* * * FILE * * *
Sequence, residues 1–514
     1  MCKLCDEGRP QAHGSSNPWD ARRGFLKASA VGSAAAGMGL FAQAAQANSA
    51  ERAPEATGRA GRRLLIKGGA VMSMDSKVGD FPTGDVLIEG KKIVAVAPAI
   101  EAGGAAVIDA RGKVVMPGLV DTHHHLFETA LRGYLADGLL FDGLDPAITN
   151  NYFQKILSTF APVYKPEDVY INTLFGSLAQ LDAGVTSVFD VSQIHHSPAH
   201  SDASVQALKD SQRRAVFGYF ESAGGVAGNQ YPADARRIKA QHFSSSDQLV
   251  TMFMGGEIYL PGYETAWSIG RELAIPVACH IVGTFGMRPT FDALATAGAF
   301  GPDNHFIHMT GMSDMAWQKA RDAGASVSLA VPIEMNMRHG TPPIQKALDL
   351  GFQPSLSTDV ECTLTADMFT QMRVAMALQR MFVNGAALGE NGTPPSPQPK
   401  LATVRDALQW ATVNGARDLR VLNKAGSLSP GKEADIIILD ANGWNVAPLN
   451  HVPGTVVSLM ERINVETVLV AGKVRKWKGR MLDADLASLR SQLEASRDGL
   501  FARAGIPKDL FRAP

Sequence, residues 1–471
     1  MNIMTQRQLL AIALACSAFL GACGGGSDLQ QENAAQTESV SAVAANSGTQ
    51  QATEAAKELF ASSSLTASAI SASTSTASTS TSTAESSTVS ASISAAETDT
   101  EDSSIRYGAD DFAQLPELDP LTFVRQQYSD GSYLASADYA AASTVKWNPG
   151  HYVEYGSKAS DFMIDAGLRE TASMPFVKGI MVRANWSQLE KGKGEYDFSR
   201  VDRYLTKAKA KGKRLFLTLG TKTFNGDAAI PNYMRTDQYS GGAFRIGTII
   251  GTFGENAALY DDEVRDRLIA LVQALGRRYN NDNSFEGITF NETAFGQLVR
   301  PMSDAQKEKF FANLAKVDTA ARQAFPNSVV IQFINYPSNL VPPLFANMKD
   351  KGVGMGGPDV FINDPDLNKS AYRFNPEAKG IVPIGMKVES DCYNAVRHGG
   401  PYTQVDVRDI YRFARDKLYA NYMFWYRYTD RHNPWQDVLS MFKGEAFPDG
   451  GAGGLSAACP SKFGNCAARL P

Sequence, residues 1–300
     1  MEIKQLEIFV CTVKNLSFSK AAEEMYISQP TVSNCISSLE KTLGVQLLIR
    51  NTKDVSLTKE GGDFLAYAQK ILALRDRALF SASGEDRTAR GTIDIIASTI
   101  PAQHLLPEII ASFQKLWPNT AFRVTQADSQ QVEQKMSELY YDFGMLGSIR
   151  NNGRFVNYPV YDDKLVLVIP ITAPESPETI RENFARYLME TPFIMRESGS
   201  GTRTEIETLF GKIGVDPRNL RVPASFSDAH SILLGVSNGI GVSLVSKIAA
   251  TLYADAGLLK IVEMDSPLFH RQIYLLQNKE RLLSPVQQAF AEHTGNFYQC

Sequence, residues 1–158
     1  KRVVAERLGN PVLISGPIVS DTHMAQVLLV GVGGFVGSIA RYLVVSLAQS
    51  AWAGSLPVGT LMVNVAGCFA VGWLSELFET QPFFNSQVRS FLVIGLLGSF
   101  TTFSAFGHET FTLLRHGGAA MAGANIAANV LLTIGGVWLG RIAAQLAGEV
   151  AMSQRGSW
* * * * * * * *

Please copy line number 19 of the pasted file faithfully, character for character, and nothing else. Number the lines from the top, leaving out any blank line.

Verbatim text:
   251  GTFGENAALY DDEVRDRLIA LVQALGRRYN NDNSFEGITF NETAFGQLVR